The introduction of the tuberculin test by Pirquet nearly twenty-five years ago marked the beginning of an extensive research on the question as to whether or not the skin of persons afflicted with certain infectious diseases develops an allergic hypersensitiveness to the infective agent, and whether this phenomenon may be utilized in diagnosis. Mallein, typhoidin and streptothricin are examples of a group of preparations devised for the detection of this property that have become useful aids in diagnosis. Of more doubtful utility is luetin, the subject of this report.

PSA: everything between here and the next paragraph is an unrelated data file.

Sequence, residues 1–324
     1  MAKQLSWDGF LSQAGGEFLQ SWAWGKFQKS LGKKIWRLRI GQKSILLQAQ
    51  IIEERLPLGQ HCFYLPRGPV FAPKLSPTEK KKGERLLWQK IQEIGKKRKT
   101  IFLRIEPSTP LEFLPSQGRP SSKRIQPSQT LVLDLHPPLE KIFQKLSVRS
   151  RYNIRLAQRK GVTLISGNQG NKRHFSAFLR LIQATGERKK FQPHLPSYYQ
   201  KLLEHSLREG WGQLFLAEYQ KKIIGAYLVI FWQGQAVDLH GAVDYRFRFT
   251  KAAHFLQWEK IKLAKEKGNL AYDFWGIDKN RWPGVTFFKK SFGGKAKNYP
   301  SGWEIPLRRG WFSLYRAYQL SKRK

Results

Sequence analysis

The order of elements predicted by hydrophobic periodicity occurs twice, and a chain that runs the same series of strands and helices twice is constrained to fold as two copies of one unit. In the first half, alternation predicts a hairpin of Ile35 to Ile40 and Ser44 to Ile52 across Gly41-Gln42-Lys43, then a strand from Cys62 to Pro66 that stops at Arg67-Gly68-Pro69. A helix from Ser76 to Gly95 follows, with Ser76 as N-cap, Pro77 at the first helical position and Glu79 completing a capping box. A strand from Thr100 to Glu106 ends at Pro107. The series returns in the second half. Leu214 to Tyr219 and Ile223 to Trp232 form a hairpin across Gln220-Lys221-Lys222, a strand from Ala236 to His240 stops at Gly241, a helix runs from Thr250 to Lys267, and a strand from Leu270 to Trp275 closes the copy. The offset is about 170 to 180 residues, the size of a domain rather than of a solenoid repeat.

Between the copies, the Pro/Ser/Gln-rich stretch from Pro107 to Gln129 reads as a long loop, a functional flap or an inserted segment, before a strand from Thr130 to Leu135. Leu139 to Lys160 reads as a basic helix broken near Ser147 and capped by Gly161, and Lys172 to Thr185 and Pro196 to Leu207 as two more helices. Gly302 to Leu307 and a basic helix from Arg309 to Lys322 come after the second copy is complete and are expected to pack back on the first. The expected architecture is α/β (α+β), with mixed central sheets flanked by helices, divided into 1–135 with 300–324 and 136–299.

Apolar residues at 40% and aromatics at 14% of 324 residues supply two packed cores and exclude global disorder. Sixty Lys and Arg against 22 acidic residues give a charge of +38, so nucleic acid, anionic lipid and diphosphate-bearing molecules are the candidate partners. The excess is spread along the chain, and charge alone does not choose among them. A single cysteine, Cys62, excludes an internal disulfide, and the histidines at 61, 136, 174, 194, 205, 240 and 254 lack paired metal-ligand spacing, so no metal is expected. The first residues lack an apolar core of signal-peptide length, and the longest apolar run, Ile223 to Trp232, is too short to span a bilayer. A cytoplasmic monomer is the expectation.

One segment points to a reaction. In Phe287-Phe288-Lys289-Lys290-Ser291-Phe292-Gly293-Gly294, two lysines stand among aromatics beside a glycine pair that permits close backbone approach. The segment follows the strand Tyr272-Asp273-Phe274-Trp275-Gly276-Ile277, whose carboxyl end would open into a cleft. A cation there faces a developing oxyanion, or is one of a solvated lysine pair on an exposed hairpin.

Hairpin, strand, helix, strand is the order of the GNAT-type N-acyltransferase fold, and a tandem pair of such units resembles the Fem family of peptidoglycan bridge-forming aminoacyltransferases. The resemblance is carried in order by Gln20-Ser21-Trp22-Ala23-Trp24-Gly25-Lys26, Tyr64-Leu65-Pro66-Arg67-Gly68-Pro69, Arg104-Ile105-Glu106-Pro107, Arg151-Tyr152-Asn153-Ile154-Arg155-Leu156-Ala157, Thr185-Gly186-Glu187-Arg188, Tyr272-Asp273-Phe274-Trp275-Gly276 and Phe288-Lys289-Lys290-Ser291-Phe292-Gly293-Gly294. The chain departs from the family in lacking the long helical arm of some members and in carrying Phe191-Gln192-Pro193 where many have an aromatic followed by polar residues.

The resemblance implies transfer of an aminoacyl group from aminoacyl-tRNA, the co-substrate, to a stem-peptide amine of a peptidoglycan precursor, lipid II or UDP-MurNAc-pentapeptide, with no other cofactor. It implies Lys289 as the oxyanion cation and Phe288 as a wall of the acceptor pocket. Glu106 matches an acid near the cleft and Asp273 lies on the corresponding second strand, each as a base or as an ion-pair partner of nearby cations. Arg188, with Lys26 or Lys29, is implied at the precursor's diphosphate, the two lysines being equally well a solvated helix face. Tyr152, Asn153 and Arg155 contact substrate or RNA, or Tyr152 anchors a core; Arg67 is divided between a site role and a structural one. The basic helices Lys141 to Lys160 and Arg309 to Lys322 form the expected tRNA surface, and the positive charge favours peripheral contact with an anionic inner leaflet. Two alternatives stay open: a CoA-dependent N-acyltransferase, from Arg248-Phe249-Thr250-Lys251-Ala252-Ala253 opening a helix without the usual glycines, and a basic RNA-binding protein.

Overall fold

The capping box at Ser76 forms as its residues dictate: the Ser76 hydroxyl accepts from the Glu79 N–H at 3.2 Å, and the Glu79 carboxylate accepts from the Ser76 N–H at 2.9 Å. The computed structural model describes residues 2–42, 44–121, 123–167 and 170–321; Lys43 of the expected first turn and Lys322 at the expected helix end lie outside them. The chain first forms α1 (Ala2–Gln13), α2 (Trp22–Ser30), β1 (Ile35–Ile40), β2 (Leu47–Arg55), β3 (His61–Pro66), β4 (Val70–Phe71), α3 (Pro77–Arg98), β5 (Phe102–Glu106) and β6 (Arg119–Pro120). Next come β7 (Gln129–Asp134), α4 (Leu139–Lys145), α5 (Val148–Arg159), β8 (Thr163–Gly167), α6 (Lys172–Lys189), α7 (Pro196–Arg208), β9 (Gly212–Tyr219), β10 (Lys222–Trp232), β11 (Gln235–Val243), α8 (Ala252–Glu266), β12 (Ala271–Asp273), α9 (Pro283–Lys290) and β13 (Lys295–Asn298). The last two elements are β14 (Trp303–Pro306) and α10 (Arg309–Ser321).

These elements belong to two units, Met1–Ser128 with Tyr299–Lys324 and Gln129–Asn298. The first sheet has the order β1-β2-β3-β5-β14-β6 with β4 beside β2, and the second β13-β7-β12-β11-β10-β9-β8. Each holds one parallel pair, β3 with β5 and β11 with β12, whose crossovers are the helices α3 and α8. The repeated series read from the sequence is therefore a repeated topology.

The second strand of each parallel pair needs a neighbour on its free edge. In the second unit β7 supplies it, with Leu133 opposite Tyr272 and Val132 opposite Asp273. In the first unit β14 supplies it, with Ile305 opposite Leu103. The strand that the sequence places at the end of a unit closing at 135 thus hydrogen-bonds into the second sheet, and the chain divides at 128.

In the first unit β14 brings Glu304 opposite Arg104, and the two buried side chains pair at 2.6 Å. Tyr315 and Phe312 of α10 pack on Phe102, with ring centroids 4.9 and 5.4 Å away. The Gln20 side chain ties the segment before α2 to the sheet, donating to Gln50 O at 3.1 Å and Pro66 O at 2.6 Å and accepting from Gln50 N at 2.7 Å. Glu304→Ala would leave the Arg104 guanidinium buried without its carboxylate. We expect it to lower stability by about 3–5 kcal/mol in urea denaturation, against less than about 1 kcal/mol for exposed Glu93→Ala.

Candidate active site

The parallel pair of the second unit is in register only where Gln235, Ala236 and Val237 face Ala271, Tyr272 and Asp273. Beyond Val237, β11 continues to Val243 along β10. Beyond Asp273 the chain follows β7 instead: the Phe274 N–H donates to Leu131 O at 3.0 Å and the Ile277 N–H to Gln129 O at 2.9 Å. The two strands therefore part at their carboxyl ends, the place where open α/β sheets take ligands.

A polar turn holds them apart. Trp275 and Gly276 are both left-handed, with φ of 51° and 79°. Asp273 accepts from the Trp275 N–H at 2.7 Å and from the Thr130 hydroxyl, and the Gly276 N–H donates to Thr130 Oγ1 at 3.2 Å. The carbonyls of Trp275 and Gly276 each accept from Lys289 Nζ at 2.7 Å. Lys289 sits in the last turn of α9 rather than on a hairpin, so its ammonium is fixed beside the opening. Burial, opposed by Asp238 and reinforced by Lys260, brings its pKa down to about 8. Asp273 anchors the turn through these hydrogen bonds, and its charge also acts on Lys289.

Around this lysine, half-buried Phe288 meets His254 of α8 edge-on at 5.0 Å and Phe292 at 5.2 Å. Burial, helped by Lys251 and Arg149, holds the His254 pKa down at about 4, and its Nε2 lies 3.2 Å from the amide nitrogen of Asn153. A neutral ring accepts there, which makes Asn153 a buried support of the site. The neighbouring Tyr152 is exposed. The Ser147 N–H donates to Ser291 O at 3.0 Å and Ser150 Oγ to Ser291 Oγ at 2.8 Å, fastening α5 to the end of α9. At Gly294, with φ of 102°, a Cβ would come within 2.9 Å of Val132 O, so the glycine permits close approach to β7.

Even before the cause of syphilis was known, certain investigators, notably Finger and Landsteiner,1 had sought, but with indifferent results, to elicit a cutaneous reaction in this disease, using some syphilitic organ as a grafting material. Following the discovery of Spirochaeta pallida, Neisser,2 in 1908, took up the serious study of a cutireaction in syphilis. Tedeschi,
GANDY DT. THE INTERPRETATION OF THE DERMOLUETIN REACTION IN SYPHILISEXPERIENCE WITH THE KOLMER ORGANIC EXTRACT. Arch Derm Syphilol. 1931;24(6):937–953. doi:10.1001/archderm.1931.01450010952001
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